Melissa Tooley

Director, Educator Quality

Melissa Tooley is the director of PreK-12 Educator Quality with the Education Policy program at New America. She is a member of the PreK-12 team, where she provides research and analysis on policies and practices that impact teaching quality and school leadership. She primarily researches and writes on educator preparation, evaluation, development, and retention, but has also worked on college and career readiness policy. Tooley co-authored “Beyond Ratings: Re-envisioning State Teacher Evaluation Systems as Tools for Professional Growth,” “Skills for Success: Supporting and Assessing Key Habits, Mindsets, and Skills in PreK-12,” and “Time to Improve: How Federal Policy Can Promote Better Prepared Teachers and School Leaders.” Tooley and her work have been featured in The Atlantic, Education Week, U.S. News and World Report, and The Wall Street Journal, among others.

Before joining New America, Tooley was a teacher quality policy analyst at The Education Trust. Tooley completed her master’s in public policy at the University of Chicago, during which time she interned with Chicago Public Schools’ Office of Academic Enhancement and the White House Domestic Policy Council. Prior, she worked in higher education policy at The Institute for College Access & Success, in health policy at the Epilepsy Foundation of New York City, and in market research consulting at Nielsen BASES. Tooley also holds a bachelor’s degree in psychology from Drew University.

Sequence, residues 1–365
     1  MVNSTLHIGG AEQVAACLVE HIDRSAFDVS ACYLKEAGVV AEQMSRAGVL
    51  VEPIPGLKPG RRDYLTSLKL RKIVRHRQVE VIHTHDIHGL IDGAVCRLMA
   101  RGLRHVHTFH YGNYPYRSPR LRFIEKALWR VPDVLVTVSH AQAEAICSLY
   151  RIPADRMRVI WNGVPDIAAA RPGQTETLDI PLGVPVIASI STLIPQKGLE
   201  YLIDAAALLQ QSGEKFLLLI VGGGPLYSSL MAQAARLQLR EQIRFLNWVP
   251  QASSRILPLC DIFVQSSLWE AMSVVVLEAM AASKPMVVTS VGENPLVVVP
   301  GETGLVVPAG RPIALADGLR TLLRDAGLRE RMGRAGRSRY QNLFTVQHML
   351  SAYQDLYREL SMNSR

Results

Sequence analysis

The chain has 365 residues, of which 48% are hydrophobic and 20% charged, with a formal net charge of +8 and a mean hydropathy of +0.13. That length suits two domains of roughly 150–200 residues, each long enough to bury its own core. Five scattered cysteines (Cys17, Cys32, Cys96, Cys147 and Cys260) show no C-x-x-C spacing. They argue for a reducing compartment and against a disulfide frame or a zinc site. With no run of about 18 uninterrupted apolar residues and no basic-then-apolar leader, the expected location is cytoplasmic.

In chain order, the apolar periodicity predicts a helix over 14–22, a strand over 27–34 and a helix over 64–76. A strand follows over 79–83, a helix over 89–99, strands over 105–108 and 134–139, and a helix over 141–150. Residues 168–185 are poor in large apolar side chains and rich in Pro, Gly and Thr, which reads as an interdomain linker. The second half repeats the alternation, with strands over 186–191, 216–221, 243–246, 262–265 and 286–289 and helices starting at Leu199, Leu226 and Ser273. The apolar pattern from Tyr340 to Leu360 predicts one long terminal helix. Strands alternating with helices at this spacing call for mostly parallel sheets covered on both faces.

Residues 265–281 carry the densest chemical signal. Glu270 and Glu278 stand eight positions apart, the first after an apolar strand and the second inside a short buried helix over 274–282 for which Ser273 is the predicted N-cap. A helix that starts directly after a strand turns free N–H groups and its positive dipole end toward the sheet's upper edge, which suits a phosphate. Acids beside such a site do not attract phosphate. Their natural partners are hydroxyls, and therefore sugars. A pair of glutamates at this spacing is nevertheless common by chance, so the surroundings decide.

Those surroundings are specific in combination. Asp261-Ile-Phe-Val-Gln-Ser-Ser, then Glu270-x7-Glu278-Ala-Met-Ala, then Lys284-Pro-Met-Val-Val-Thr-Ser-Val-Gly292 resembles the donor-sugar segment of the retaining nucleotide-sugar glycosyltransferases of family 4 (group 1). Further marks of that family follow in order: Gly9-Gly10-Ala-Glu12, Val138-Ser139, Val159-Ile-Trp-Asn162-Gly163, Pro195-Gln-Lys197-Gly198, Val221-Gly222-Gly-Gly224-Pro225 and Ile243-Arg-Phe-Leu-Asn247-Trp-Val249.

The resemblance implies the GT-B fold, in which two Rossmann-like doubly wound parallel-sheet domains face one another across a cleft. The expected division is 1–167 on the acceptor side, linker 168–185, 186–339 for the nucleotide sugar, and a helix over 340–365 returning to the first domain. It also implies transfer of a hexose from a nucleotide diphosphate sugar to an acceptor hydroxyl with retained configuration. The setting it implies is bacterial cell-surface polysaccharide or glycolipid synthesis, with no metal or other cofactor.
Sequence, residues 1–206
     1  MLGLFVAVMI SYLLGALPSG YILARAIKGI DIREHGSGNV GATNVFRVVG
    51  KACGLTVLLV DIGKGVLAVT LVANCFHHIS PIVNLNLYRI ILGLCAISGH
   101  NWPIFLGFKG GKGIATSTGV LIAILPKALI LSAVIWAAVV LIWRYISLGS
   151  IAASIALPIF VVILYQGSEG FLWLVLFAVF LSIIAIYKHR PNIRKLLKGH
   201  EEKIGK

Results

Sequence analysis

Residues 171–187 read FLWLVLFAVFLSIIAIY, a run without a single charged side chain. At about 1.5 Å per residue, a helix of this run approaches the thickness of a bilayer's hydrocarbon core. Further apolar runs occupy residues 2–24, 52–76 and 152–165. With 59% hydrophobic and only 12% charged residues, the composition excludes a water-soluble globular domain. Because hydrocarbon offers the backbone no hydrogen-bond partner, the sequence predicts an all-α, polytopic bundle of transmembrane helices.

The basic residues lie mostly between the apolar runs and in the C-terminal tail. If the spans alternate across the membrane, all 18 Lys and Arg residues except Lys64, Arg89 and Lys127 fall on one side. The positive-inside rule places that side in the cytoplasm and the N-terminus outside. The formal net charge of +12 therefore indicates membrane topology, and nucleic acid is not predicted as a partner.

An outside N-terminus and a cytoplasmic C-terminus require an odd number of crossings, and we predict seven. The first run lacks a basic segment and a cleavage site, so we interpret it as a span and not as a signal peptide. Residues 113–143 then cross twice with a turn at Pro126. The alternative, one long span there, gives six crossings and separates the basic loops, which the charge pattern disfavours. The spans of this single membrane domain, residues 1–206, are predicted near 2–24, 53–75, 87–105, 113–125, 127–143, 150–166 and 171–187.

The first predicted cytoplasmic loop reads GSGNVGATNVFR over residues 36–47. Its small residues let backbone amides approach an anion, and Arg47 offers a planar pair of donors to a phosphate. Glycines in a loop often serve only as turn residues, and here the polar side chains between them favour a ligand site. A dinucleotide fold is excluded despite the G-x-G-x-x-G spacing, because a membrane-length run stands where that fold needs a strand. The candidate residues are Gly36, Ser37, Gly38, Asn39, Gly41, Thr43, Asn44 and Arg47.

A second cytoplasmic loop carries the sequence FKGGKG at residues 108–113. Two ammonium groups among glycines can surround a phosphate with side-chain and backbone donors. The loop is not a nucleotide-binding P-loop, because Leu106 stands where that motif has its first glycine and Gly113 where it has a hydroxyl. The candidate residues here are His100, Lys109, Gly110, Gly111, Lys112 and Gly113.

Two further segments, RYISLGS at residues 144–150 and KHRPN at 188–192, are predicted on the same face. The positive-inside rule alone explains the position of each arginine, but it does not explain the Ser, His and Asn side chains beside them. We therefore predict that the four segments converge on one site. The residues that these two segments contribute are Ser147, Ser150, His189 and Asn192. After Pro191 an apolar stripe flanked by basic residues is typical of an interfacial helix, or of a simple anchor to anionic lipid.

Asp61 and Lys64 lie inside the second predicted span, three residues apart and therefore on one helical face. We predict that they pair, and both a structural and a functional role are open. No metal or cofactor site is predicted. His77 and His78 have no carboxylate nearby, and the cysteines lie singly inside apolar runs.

All Work

Disappointing Trends—and a Potential Divergence—in States’ Teacher Evaluation Findings

The first in a series of posts examining states’ initial forays into implementing new PreK-12 teacher evaluation systems.

Ten PreK-12 Debates to Expect in 2014

Over the next year be prepared for these battles in education policy.

Something is Missing from Discussions of New Teacher Career Paths

In recent years, government agencies, unions, policy wonks, and reform advocates have all weighed in on how to improve teacher quality.

Getting Teacher Observations Right: A Balance of Design, Implementation, and Use

Teacher Prep Says Profession Holding Themselves Accountable – But Are They?

Research has shown that many new teachers enter the profession underprepared to be successful in the classroom.

Is Money Enough to Keep More High-Quality Teachers in High-Need Schools?

Using financial incentives to encourage more teachers to work in high-need schools isn't going to close the teacher talent gap.